Author(s): Rankinen S, Salanter S, Heikkinen K, Johansson K, Kaljonen A,
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Abstract OBJECTIVE: Here, the aim is to compare surgical patients' knowledge expectations at admission with the knowledge they received during their hospital stay. DESIGN: The study used a descriptive and comparative design. SETTING: The study was conducted on surgical wards at one randomly selected university hospital in Finland. PARTICIPANTS: The sample (n = 237) consisted of surgical patients (traumatological, gastroenterological, urological and heart and thorax surgery) admitted to hospital during a 2-month period in 2003. METHODS: The data were collected by two specially developed, parallel questionnaires: Hospital Patients' Knowledge Expectations and Hospital Patients' Received Knowledge. These 40-item instruments used a four-tier response scale and made a distinction between the bio-physiological, functional, experiential, ethical, social and financial dimensions of knowledge. The data were analysed statistically. RESULTS: Surgical patients received less knowledge than they felt they expected on the bio-physiological, functional, experiential, ethical, social and financial dimensions. Their knowledge expectations and the knowledge they received were related to age, gender and level of basic education. CONCLUSIONS: The results highlighted the need for improved patient education. Surgical patients expect to receive more knowledge than they actually receive on all dimensions. The most problematic areas in the education of surgical patients are the experiential, ethical, social and financial dimensions of knowledge. In particular, younger patients, female patients and patients with a higher level of education require more attention.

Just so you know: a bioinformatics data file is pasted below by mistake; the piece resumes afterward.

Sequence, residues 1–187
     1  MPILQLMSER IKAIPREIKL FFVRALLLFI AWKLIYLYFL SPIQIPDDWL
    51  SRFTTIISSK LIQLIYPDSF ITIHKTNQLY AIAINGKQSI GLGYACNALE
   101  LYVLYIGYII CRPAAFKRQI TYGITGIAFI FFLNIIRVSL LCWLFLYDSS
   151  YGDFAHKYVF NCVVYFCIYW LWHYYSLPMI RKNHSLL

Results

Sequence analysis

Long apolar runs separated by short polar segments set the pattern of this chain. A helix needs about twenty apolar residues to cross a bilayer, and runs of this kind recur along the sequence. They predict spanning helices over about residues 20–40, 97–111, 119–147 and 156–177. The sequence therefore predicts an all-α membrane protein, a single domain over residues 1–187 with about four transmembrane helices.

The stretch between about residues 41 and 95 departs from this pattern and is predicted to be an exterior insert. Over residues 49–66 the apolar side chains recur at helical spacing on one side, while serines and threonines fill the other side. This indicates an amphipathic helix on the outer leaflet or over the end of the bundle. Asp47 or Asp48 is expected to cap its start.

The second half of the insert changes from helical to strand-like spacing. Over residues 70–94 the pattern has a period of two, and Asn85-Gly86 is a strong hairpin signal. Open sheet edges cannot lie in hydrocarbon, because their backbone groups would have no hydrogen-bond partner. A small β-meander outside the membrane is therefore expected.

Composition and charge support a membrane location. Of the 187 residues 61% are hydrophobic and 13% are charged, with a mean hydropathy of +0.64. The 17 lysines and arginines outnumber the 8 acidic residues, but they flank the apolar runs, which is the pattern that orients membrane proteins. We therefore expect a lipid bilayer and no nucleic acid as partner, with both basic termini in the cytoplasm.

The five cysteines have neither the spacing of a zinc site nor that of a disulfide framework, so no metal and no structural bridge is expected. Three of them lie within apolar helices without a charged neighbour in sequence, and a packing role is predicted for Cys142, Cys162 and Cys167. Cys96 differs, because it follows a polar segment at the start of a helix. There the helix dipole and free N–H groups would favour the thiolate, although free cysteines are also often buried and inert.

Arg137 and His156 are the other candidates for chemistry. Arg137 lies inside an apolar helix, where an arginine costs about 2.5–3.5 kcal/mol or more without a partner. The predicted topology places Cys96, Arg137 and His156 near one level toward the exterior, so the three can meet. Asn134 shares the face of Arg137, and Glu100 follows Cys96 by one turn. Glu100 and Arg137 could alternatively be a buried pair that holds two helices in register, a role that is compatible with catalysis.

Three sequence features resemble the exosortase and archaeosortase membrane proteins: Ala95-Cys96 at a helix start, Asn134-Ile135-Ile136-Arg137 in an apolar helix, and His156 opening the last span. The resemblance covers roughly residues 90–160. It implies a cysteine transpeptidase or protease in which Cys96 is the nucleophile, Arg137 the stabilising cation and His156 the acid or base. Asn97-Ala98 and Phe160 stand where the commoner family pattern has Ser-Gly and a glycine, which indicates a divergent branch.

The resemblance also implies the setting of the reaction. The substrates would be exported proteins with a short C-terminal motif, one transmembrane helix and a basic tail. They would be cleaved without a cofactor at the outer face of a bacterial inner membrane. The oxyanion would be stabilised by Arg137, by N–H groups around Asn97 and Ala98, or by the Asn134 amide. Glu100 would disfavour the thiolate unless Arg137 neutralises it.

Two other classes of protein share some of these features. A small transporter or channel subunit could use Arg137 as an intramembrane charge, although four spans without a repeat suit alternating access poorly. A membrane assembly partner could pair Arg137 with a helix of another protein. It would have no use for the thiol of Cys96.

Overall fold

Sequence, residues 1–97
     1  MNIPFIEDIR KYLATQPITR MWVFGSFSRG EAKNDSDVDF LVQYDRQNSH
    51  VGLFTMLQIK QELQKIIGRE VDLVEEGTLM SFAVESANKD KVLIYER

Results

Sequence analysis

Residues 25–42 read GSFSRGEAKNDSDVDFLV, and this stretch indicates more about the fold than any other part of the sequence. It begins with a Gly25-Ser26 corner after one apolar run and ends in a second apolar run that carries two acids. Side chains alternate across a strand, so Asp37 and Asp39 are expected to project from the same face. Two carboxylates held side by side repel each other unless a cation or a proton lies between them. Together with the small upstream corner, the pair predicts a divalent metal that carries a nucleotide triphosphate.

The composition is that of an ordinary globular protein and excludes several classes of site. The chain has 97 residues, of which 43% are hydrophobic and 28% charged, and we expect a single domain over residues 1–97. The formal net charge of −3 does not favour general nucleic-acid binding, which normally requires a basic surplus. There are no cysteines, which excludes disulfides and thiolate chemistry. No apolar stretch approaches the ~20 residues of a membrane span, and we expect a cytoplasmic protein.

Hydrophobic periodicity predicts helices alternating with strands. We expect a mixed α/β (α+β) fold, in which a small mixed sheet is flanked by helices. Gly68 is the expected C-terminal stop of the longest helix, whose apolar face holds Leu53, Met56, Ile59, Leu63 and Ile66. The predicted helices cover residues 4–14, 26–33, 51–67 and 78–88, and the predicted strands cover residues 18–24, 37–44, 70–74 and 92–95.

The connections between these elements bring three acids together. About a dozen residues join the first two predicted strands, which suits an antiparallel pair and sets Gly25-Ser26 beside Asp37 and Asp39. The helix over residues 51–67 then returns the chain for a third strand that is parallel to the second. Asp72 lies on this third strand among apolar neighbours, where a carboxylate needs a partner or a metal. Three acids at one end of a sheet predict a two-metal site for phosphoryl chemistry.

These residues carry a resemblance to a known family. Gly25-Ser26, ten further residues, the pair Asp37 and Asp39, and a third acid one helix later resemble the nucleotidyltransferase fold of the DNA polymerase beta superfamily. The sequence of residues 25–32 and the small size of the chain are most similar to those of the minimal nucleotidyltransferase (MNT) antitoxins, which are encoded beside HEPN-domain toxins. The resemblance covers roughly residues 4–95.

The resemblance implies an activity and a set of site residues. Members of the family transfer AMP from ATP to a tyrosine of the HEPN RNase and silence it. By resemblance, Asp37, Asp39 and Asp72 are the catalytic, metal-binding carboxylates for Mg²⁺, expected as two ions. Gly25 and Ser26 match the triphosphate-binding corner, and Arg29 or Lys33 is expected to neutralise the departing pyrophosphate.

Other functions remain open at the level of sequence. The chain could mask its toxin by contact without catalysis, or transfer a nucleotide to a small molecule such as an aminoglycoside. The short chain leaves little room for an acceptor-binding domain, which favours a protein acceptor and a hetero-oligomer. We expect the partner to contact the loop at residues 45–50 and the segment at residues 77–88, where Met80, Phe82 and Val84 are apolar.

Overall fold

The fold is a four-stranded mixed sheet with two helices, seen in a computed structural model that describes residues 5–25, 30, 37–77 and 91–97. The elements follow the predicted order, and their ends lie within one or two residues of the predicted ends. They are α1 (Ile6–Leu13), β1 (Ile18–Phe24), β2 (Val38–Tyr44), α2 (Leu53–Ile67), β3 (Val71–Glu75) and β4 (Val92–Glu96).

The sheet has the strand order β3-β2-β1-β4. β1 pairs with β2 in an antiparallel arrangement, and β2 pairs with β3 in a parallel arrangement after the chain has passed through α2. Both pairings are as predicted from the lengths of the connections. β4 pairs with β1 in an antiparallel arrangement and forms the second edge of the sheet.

This article was published in Int J Qual Health Care
and referenced in Journal of Nursing & Care